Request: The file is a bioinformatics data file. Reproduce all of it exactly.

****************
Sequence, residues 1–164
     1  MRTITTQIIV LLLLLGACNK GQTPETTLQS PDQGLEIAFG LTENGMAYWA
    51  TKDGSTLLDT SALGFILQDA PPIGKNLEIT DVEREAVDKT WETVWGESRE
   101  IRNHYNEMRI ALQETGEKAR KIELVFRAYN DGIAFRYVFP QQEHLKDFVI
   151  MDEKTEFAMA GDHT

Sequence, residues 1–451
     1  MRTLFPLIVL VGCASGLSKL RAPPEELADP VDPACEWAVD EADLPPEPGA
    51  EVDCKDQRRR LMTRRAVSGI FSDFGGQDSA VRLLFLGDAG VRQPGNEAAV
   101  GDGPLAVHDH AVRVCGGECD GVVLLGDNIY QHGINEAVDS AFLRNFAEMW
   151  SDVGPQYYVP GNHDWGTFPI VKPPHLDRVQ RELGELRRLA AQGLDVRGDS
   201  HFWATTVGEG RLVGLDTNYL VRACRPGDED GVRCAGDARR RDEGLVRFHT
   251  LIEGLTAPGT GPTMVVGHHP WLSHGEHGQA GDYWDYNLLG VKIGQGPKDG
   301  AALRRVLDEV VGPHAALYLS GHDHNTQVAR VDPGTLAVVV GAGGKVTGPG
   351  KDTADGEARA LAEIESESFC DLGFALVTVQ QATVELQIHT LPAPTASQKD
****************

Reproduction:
Sequence, residues 1–164
     1  MRTITTQIIV LLLLLGACNK GQTPETTLQS PDQGLEIAFG LTENGMAYWA
    51  TKDGSTLLDT SALGFILQDA PPIGKNLEIT DVEREAVDKT WETVWGESRE
   101  IRNHYNEMRI ALQETGEKAR KIELVFRAYN DGIAFRYVFP QQEHLKDFVI
   151  MDEKTEFAMA GDHT

Sequence, residues 1–451
     1  MRTLFPLIVL VGCASGLSKL RAPPEELADP VDPACEWAVD EADLPPEPGA
    51  EVDCKDQRRR LMTRRAVSGI FSDFGGQDSA VRLLFLGDAG VRQPGNEAAV
   101  GDGPLAVHDH AVRVCGGECD GVVLLGDNIY QHGINEAVDS AFLRNFAEMW
   151  SDVGPQYYVP GNHDWGTFPI VKPPHLDRVQ RELGELRRLA AQGLDVRGDS
   201  HFWATTVGEG RLVGLDTNYL VRACRPGDED GVRCAGDARR RDEGLVRFHT
   251  LIEGLTAPGT GPTMVVGHHP WLSHGEHGQA GDYWDYNLLG VKIGQGPKDG
   301  AALRRVLDEV VGPHAALYLS GHDHNTQVAR VDPGTLAVVV GAGGKVTGPG
   351  KDTADGEARA LAEIESESFC DLGFALVTVQ QATVELQIHT LPAPTASQKD